Howard County has joined Montgomery County and Baltimore City as the third jurisdiction in the state to adopt a law prohibiting discrimination based on gender identity and expression.
The Howard County Council's four Democrats voted in favor of legislation Monday night that bars discrimination in housing, employment, law enforcement, public accommodations and financing.
The council began crafting the bill after a Baltimore County transgender woman was attacked at a Rosedale McDonald's last spring and the failure of the General Assembly to adopt a statewide anti-discrimination law. Several members of a local group, Parents, Families and Friends of Lesbians and Gays, sought the law
"This is an important bill," said Councilwoman Courtney Watson, an Ellicott City Democrat, before casting her vote in favor of the bill. "It is about respect."
She and Councilman Calvin Ball, an east Columbia Democrat, both wore purple — a symbol of transgender rights — as did many supporters of the bill who came to Ellicott City to witness the vote.
Councilman Greg Fox, a Fulton Republican, cast the only vote against the bill. He said that the matter should be left to the state and federal governments to set a single, clear law, and that it was unclear which places would be considered public accommodations under the local law.
At a public hearing last month, several people testified against the bill over concerns that it would allow members of the opposite sex into public places traditionally segregated by gender, such as restrooms, dressing rooms and locker rooms.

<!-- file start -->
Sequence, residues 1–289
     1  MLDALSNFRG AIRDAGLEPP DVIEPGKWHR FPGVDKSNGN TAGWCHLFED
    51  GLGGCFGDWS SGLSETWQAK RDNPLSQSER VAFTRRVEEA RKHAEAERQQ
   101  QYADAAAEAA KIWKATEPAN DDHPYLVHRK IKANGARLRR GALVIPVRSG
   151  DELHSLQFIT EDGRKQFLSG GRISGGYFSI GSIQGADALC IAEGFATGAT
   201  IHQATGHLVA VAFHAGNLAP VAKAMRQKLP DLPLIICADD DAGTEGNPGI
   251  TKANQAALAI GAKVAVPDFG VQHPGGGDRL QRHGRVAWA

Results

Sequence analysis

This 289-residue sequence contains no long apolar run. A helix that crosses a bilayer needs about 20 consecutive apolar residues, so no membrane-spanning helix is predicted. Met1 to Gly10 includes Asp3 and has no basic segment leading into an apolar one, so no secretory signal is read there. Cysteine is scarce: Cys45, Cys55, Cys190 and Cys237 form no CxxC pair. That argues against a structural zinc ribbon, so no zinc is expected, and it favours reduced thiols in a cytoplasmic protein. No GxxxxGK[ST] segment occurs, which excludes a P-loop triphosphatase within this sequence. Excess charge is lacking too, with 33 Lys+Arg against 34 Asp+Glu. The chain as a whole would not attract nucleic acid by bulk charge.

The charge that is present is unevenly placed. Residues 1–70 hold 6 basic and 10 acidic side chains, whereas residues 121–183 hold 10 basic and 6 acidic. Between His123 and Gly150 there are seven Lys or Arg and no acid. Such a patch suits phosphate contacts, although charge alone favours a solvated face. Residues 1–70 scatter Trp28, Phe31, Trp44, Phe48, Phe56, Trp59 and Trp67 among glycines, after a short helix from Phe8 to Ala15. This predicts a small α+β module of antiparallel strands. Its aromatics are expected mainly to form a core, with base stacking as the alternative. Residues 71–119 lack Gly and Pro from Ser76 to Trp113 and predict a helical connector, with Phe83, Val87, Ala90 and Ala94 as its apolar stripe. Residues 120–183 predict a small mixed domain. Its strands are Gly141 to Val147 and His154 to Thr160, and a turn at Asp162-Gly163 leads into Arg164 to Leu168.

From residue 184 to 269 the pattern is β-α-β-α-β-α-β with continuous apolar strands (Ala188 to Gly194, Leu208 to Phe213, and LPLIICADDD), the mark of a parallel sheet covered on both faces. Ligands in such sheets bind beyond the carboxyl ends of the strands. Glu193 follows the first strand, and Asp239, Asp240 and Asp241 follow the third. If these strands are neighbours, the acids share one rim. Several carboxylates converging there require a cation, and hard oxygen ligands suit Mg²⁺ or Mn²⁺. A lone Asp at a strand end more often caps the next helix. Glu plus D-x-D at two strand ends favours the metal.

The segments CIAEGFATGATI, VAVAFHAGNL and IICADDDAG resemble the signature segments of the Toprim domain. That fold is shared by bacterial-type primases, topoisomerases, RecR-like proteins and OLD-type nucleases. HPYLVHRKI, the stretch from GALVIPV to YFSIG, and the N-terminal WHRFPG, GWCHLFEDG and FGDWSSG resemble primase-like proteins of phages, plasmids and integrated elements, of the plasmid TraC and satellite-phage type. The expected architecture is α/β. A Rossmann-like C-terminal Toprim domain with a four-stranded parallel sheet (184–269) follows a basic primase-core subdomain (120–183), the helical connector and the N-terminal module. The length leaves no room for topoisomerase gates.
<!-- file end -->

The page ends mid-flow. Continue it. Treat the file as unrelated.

The anti-discrimination law will take effect in 60 days.
In other matters, the council passed a measure to provide property tax credits for homeowners who build residences that meet green Leadership in Environmental and Energy Design standards. The bill provides a tiered percentage of credits, depending on how sustainable the home is, and allows the homeowner to receive credits for up to four years. The standards are crafted by the U.S. Green Building Council.
Another bill that was approved authorizes police to impound some commercial vehicles with unpaid tickets. The law, which will be enforced beginning March 1, allows police to impound an illegally parked commercial vehicle if the owner has at least one unpaid ticket that is three months late. The department can also tow vehicles that are legally parked if the driver has two or more unpaid parking tickets.Copyright © 2015, The Baltimore Sun